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I am having a lot of trouble trying to understand how the classes of homotopy groups relate to point-defects in physics (and how they can be used/represent in general). This is a problem from Nakahara's textbook on geometry and topology in physics, but is NOT homework; I just want to learn homotopy theory in physics.

In Nakahara's text, he shows how the Shankar monopole comes about by stating, "[since we have] compactified $\mathbb{R}^3$ to $S^3$... the texture is classified by the third homotopy group of the real projective plane, $\pi_3(\mathbb{R}P^3)\cong\mathbb{Z}$." Now, I know that the real-projective plane is homeomorphic to a sphere, so finding the spheres homotopy group is how to proceed, namely in this case, $\pi_3(\mathbb{R}P^3)=\pi_3(S^3)=\pi_3(SO(3))$. Now, by the last equality, we can take a vector $\Omega(r) = \theta n$ where $n$ is an axis in $S^3$. Since $\Omega(r)$ traces out a disc, $D^3$, there are antipodal point that are the same rotation (this is how the relation between the $S^n$ and $\mathbb{R}P^n$ works (as far as I can understand). But, physically, Shankar decided to write the vector as $\Omega(r) = \frac{\mathbb{r}}{r}\cdot f(r)$ where $f(r)$ can take values of $2\pi$ for $r=0$ or $0$ for $r\rightarrow \infty$.

The trouble of understanding for me though comes from the next part in Nakahara's text where he says that, "as we scan the whole space, $\Omega(r)$ sweeps $SO(3)$ twice [as I described above], and this texture corresponds to class $1$ of $\pi_3(SO(3)\cong\mathbb{Z}$."

Now, how does this relate to class $1$ of $\pi_3(SO(3))$?? I understand that if $\pi_3(SO(3))\cong\mathbb{Z}$ then there are an infinite number of homotopy classes since $\mathbb{Z}$ is infinite. From a group perspective, this means there is one generator that creates the group of homotopy classes, but how this relates back to defining a vector $v(r)$ and then describing (and better yet drawing) a texture that relates to $-1$ of the same group, is where I am stuck.

I may be reading to fast over definitions and am not fully comprehending what they mean (this could completely be the case), or missing the mark entirely. Anything helps, thanks. (Also not sure if this should be put on the math stack exchange or not).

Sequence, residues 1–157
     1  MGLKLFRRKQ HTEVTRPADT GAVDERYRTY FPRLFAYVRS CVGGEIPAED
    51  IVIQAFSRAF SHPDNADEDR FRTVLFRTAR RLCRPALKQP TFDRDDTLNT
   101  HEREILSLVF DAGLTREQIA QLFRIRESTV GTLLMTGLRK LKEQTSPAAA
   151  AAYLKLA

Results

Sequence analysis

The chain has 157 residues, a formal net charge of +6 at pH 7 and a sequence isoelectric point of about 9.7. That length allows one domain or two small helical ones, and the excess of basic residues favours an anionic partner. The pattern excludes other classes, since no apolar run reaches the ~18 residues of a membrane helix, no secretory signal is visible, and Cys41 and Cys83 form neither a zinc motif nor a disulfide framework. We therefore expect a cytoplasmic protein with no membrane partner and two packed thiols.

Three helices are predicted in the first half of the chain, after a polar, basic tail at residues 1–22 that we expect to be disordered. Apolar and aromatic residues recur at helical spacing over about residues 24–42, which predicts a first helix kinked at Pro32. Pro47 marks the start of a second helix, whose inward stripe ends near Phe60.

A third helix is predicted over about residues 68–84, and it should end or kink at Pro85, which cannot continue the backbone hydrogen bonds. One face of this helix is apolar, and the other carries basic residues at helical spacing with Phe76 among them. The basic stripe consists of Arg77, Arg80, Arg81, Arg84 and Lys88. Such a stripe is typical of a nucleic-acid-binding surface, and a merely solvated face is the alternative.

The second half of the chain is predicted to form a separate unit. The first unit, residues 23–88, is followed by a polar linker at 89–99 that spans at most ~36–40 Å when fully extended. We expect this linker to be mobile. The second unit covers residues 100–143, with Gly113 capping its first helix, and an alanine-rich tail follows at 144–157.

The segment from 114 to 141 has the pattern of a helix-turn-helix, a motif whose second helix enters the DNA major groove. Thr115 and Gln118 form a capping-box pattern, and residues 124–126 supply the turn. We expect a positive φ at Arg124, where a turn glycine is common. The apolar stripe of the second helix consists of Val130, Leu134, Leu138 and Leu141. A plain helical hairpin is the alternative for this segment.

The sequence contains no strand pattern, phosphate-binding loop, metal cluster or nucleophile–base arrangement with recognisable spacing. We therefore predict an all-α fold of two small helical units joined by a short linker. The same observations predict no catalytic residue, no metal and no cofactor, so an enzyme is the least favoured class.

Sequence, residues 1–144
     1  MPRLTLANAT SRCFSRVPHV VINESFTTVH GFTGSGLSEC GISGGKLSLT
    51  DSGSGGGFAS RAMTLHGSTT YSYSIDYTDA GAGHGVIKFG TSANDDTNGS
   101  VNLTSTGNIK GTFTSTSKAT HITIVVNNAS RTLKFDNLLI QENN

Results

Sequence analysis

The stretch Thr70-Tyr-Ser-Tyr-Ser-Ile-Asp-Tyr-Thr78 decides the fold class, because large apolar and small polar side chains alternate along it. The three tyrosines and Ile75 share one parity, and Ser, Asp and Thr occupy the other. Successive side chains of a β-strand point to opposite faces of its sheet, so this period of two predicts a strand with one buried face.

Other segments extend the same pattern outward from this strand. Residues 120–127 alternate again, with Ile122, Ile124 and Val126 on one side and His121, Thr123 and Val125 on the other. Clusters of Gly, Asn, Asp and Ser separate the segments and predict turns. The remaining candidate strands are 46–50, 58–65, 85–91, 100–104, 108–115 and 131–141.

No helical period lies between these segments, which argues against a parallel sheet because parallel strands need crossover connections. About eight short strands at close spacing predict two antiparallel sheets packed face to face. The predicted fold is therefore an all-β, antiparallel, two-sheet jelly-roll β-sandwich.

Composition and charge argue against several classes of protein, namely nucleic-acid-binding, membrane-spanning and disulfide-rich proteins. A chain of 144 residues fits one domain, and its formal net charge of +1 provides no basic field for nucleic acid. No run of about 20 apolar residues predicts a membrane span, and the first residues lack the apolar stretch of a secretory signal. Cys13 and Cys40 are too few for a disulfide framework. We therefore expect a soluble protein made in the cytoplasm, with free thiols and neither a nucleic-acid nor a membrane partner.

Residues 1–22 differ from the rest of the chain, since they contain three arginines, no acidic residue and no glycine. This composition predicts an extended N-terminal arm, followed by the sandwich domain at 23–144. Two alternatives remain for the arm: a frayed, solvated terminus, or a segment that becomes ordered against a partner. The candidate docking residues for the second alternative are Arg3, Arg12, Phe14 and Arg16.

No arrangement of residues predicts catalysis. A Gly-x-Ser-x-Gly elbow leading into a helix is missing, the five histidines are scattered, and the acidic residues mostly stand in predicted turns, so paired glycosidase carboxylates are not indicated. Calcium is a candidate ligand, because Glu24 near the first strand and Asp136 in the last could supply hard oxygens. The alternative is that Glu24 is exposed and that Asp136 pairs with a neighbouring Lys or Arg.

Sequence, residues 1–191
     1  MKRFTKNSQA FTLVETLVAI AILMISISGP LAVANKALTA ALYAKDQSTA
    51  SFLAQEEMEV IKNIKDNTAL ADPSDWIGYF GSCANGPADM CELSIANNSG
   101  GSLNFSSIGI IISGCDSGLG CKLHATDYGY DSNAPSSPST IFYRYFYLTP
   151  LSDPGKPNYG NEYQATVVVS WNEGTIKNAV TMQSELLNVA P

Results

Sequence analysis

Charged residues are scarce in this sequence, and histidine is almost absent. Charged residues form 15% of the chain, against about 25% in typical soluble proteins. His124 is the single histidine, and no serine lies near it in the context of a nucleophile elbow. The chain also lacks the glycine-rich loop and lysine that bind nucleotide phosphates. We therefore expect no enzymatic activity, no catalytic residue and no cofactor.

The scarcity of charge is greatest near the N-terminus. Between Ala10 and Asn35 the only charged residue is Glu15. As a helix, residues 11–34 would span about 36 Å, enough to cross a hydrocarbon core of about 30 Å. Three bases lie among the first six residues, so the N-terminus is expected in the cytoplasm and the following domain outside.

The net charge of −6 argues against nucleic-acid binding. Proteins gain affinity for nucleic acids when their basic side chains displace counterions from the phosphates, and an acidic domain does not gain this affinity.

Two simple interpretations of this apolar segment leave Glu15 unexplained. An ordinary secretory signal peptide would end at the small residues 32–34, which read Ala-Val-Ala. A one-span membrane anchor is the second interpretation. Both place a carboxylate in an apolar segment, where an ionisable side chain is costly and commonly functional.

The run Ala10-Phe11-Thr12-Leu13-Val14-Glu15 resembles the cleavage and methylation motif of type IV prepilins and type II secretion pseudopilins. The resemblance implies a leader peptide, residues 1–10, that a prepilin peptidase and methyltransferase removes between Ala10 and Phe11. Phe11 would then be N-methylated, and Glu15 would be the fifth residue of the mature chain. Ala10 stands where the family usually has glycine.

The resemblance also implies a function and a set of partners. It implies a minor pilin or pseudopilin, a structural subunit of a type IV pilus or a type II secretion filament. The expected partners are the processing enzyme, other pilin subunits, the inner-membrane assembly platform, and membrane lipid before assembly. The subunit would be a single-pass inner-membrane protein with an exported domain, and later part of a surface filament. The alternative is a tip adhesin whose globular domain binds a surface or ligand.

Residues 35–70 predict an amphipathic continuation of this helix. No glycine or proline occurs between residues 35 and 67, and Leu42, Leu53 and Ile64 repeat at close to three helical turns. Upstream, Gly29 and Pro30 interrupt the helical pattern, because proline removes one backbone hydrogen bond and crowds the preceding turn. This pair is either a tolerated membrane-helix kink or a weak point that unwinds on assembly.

For clarity, the drawing/sketch I mentioned is the following image from page 167, figure 4.32 of Nakahara's text: Shankar Monopole

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The answer might be a little late, but I'm also going through Nakahara at the moment:)

So I think, you might have missed a point of defining the negative elements of $\mathbb{Z}$; see Example 4.13 for this (in Nakahara 2004 Ed.). So the idea is that positive elements correspond to the mappings where the orientation of the surface does not change. Obviously, the minimum angle you need to map the zero point to by the texture having the same orientation is the point $2\pi$; any other angle multiple to this also won't change the orientation. Those multiples correspond to positive elements of $\mathbb{Z}$. Whereas the negative elements correspond to multiples of $\pi$ since they change the orientation. This answers your second question: the texture, that relates to $-1$, is the one with $f(0)=\pi$ instead of $2\pi$.

Hope that clarified some things (and I hope my understanding is correct; please correct me if I'm wrong).

EDIT:

See the answer in another OP's post here, as mentioned in the comment. As the OP has mentioned there, the answer to the second question is $\Omega = \Omega(x,-y,z)$.

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    $\begingroup$ I actually asked this same question on the math stackexchange and I received a much better response linked here: Elements of homotopy groups. $\endgroup$
    – MathZilla
    Apr 12, 2023 at 17:08
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    $\begingroup$ Thank you! Yes, indeed much better:) Could you please recommend some good literature on the relevant topic, if you have found any? $\endgroup$ Apr 14, 2023 at 9:00
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    $\begingroup$ Honestly the best resources I have found are the original papers referenced in the text at the end of the chapter or directly beneath any of the exercises. I don't particular have any information on monopoles or homotopy groups applied to condensed matter, but if you want a better more rigorous reference for algebraic topology, I believe the key standard is Allen Hatcher's text on it (I actually just used the text as a reference for understanding the BRST cohomology group). $\endgroup$
    – MathZilla
    Apr 15, 2023 at 18:36

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